As parents you have the final say on where your child goes to summer camp. In the end you know best, and you should never send your child to a camp that you don’t feel 100% comfortable with.
Having said that, it’s vital to talk to your child and let them be a part of the process. They’re the ones that are doing the camping after all, and without their input you may be setting them up for a less-than-optimal experience. Here are some tips on what to discuss with your child when picking a summer camp that’s perfect for them.
What kind of stay are they comfortable with?
Summer camps fall into two categories in terms of stay – day camps and sleepover or overnight camps. With day camps, your child will participate in activities every day but you’ll pick them up before nightfall. With sleepover camps, your child will be at the camp site 24/7 for however long they stay.
Both have their advantages and disadvantages, and some children do better at day camps and some do better at overnight camps. Sleepover camps allow for kids to experience an immersive experience and helps them to foster their sense of independence. Day camps allow kids not quite ready for overnight camping the opportunity to experience a good amount of what summer camp can be. You should always encourage your child to take risks and confront trepidation, but you should never force them. Make sure your child says they are ready for a sleepover experience before shipping them off.
Also remember to discuss length of stay. If it’s your child’s first overnight camping experience, you may want to opt for a few days or a week – even if the full camping package last for two weeks or more.
What are they interested in?
Apart from type of camp stay, the most important question concerning summer camp is whether your child wants to go to a specialty camp or a general camp. The former focuses on one or two specific activities – think dance, music, horseback riding, sports, archery, etc. The latter tends to have kids participate in a wide range of activities.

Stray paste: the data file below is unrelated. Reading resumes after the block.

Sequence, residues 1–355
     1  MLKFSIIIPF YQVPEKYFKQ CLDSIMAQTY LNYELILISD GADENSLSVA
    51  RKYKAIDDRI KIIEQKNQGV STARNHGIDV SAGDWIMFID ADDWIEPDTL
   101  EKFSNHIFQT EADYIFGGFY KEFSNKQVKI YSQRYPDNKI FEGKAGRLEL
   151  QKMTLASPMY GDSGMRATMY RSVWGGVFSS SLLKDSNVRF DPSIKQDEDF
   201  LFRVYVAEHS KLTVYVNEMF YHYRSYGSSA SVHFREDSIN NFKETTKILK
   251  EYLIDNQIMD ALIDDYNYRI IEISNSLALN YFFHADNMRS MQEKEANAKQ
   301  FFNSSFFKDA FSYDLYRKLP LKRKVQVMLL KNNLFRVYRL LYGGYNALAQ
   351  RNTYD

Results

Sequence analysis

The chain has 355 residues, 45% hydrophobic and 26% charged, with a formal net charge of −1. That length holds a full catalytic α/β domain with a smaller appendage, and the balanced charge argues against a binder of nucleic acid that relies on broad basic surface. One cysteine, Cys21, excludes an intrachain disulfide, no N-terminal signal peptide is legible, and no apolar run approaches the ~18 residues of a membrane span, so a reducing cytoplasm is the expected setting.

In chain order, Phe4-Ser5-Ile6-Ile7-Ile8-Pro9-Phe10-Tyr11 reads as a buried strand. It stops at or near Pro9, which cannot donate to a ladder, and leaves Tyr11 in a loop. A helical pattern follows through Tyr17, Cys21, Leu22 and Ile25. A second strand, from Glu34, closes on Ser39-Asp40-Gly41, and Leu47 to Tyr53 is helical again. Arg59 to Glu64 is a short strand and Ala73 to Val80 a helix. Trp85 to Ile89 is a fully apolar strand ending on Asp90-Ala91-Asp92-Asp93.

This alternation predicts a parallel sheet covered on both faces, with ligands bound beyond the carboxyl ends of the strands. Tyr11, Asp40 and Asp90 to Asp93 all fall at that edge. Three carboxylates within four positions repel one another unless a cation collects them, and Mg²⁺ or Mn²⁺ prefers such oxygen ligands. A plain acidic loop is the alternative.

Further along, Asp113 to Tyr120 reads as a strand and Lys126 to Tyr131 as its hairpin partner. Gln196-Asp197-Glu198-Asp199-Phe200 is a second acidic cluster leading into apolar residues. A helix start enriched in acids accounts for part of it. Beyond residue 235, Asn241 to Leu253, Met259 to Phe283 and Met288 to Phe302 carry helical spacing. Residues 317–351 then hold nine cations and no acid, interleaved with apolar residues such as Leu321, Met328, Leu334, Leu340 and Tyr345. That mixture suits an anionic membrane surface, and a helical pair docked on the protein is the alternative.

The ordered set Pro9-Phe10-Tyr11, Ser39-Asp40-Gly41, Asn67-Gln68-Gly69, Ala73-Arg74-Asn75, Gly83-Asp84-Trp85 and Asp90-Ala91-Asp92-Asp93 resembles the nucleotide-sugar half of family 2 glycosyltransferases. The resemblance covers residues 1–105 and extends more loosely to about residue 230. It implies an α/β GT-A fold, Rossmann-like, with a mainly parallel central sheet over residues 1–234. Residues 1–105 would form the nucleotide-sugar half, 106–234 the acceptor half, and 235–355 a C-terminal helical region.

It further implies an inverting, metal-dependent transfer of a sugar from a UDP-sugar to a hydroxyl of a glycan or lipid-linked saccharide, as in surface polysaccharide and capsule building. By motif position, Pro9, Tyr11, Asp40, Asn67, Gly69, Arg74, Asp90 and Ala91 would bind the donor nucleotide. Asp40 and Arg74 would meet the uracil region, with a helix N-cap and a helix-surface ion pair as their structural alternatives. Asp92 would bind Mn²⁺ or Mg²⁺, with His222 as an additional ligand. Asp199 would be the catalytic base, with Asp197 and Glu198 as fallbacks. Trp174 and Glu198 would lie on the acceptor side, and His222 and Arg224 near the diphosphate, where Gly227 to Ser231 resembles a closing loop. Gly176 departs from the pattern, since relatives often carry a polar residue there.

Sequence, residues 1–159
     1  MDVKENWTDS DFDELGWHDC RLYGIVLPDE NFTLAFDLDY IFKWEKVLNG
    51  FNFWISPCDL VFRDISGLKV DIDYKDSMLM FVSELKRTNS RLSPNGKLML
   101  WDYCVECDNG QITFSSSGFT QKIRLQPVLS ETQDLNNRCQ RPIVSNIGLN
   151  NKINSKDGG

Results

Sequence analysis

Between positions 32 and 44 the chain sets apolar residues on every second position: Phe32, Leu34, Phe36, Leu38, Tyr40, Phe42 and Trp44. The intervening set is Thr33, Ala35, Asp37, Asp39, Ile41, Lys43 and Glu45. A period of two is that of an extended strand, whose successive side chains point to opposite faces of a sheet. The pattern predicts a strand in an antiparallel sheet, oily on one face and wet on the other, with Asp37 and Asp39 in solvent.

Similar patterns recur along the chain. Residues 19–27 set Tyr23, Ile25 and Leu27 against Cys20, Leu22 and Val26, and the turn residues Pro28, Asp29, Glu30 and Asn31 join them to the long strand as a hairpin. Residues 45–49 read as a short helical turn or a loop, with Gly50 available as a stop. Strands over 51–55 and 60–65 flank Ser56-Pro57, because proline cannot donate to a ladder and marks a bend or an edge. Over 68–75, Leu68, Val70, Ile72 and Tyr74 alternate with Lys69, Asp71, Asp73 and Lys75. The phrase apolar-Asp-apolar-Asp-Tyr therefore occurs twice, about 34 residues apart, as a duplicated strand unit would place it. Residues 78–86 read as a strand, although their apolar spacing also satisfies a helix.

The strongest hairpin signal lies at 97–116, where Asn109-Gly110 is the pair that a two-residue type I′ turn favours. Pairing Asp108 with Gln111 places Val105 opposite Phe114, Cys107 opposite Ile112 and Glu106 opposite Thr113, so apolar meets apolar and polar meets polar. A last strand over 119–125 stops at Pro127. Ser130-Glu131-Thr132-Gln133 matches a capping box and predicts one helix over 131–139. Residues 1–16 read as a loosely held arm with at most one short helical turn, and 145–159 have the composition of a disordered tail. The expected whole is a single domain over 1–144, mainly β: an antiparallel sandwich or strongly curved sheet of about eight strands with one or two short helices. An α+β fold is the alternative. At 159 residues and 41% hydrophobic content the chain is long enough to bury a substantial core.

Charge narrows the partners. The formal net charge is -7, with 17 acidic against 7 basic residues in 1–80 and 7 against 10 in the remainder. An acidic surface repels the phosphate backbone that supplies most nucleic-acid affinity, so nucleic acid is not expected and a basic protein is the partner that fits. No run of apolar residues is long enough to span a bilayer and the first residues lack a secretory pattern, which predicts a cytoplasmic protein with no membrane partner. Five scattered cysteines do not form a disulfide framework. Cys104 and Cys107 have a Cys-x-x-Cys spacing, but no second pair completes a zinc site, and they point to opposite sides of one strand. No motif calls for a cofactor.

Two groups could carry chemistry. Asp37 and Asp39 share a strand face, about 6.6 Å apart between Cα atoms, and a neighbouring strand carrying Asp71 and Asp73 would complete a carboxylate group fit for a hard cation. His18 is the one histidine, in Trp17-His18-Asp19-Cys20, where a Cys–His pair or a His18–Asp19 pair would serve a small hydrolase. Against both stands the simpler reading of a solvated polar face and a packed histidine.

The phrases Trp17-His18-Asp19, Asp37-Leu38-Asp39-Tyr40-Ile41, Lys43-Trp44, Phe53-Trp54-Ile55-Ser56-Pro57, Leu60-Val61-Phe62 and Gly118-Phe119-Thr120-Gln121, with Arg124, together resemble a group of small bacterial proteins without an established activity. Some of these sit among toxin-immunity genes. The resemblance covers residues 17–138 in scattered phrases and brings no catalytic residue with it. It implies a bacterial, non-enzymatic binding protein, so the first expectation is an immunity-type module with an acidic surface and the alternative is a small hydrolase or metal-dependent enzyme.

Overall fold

If your child is obsessed with dance, for instance, they may do better at a camp that focuses on what they love. Anything else may be a distraction.
If your child doesn’t yet have a specified interest, sending them to a specialty camp in the hopes of developing an interest may backfire. General camps allow kids to experience many things, and can help them figure out what they love for themselves.
Don’t shy away from the “homesick problem”
You might think that as soon as you mention the word homesick, you’re setting your child up for failure. But according to Christopher Thurber, PhD, co-author of Summer Camp Handbook, and a spokesperson for the American Psychological Association, that’s simply not true.
“There’s a conventional idea that if you mention homesickness, you’ll just make them focus on it. But it doesn’t work that way. Have an open discussion with your kids about how they feel about going away. What’s most important here is that the parent gives the message that he or she believes the child can handle the stress of being away, that the child is competent at handling temporary, uncomfortable feelings,” he tells WebMD.
The more your child feels like they have a say in the decision making, the less likely they are to be overcome with feelings of homesickness when away.
Camp can be a great way for your kid to make new friends and learn new things while they’re off from school. However, if they have been struggling in a particular area of study, looking into summer tutoring services as an alternative is not a bad idea either.
Thank you to our guest post from Alex of Safeytoday.org !!